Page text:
Friday, October 29, 2010

Hallowmas Eve - Day Four: Gut a Gourd, Save a Turnip - or, The Devil is WAY Stupid

There are times when I just fall to the floor, overwhelmed by the immense stupidity that seems to plague humanity at every turn.  Not that I'm some MENSA-grade rocket scientist (the math was always too confounding), but at least I TRY to be intellectually curious and relatively creative, endeavoring to give back a little to the world and the silly creatures that currently top the food chain.

But then I come across an artistic work or unselfish act that relights my faith in humanity, and thinks everything just might turn out okay for us as a species.

Today, it was jack o'lanterns.  Other days, it might be a painting or an inspired piece of prose or even a clever Internet meme.  But, today, it was was jack o' lanterns.  One of them which looks like this:

That someone can look at a round, orange gourd, and find THIS inside of it, fills me with glee and bolsters my opinion of homo sapiens (squared).

More here, courtesy of our friends at The Guardian in the UK.

In closing (and to add volume to this posting without lifting a finger other than to "cut" and then immediately "paste"), I offer a bit of odd and supernatural back story on the ol' carved pumpkin, with this one overriding moral:   Don't be a cheapskate, and always pay for your drinks.

People have been making jack o'lanterns at Halloween for centuries. The practice originated from an Irish myth about a man nicknamed "Stingy Jack." According to the story, Stingy Jack invited the Devil to have a drink with him. True to his name, Stingy Jack didn't want to pay for his drink, so he convinced the Devil to turn himself into a coin that Jack could use to buy their drinks. Once the Devil did so, Jack decided to keep the money and put it into his pocket next to a silver cross, which prevented the Devil from changing back into his original form. Jack eventually freed the Devil, under the condition that he would not bother Jack for one year and that, should Jack die, he would not claim his soul. The next year, Jack again tricked the Devil into climbing into a tree to pick a piece of fruit. While he was up in the tree, Jack carved a sign of the cross into the tree's bark so that the Devil could not come down until the Devil promised Jack not to bother him for ten more years.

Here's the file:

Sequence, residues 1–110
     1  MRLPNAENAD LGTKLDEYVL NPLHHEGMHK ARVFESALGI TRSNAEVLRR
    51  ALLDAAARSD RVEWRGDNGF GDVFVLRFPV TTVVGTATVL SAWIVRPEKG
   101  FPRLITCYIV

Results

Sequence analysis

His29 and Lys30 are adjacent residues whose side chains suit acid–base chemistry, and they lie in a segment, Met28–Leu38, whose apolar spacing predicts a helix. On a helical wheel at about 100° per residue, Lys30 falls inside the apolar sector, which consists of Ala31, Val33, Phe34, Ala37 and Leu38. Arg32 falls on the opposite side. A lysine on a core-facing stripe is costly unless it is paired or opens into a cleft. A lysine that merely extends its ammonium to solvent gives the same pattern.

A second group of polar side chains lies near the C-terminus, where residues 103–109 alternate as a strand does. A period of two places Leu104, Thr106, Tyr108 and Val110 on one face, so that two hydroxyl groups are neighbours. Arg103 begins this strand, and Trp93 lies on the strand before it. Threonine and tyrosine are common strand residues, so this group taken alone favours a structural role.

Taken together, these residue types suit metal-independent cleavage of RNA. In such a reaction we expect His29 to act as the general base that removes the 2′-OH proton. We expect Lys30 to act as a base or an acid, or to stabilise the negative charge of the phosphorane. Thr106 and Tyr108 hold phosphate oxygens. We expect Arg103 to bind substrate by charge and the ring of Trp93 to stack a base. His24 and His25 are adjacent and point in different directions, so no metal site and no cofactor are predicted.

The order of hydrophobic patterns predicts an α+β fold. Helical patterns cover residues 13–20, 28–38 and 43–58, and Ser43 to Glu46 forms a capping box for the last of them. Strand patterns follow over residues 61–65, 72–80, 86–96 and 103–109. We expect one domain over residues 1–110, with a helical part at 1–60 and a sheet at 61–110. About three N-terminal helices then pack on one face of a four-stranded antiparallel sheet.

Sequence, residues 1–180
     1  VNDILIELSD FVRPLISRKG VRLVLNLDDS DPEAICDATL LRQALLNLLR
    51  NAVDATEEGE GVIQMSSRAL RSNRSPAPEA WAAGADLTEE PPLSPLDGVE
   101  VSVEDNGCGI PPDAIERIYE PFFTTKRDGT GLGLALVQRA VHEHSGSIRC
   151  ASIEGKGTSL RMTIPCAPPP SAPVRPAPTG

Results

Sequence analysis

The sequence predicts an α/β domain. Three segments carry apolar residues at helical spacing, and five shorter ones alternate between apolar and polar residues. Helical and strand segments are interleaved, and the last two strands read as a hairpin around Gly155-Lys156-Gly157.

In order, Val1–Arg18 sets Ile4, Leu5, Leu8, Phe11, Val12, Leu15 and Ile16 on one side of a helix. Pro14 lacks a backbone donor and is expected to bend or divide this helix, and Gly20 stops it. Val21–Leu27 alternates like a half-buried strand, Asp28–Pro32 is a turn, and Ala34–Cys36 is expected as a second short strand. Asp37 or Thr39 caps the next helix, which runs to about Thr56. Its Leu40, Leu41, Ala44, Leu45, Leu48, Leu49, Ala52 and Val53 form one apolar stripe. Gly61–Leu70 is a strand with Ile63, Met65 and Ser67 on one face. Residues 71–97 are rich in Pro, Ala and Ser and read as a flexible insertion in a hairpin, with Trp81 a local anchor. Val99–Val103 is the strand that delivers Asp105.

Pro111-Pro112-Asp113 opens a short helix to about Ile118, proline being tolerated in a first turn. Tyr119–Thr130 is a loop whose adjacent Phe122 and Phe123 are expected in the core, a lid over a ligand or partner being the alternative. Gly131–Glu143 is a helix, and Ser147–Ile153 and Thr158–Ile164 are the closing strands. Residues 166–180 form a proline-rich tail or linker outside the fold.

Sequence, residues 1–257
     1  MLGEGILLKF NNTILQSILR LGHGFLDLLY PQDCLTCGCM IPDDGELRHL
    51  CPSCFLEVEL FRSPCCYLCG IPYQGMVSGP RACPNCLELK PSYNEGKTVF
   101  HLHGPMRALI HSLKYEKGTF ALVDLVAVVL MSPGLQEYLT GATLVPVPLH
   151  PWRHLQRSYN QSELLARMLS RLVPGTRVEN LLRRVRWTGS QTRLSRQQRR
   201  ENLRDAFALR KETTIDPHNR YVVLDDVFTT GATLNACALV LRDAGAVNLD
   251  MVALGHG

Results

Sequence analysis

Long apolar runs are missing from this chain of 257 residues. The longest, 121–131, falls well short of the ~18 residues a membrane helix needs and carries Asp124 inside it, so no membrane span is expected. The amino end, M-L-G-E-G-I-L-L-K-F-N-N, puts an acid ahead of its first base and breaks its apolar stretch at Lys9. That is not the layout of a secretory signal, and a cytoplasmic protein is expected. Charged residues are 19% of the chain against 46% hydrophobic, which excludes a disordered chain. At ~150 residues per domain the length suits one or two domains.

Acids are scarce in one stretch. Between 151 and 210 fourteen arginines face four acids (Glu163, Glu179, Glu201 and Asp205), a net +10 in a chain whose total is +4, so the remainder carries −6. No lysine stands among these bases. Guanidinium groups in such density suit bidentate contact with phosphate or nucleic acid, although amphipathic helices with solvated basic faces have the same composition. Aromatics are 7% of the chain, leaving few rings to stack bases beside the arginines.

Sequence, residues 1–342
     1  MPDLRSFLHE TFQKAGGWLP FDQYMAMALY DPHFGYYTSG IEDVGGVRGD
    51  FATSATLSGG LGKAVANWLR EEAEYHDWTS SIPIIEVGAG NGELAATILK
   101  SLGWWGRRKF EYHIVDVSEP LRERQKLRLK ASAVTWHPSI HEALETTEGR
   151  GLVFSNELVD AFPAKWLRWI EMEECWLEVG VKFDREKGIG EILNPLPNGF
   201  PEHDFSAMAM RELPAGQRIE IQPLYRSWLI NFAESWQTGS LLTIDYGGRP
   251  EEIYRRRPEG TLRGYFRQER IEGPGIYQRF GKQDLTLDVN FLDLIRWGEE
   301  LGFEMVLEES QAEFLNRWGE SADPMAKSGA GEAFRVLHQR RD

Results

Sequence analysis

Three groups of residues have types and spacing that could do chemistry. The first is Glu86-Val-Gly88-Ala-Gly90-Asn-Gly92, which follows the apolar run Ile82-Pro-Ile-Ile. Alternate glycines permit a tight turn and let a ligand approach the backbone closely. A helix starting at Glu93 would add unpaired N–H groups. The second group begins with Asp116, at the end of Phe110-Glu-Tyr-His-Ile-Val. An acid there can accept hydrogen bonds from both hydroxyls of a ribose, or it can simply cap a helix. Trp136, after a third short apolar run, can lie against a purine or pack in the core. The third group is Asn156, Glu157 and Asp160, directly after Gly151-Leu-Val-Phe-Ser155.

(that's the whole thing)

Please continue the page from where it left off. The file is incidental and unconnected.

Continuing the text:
Soon after, Jack died. As the legend goes, God would not allow such an unsavory figure into heaven. The Devil, upset by the trick Jack had played on him and keeping his word not to claim his soul, would not allow Jack into hell. He sent Jack off into the dark night with only a burning coal to light his way. Jack put the coal into a carved-out turnip and has been roaming the Earth with ever since. The Irish began to refer to this ghostly figure as "Jack of the Lantern," and then, simply "Jack O'Lantern."

In Ireland and Scotland, people began to make their own versions of Jack's lanterns by carving scary faces into turnips or potatoes and placing them into windows or near doors to frighten away Stingy Jack and other wandering evil spirits. In England, large beets are used. Immigrants from these countries brought the jack o'lantern tradition with them when they came to the United States. They soon found that pumpkins, a fruit native to America, make perfect jack o'lanterns.

(Courtesy of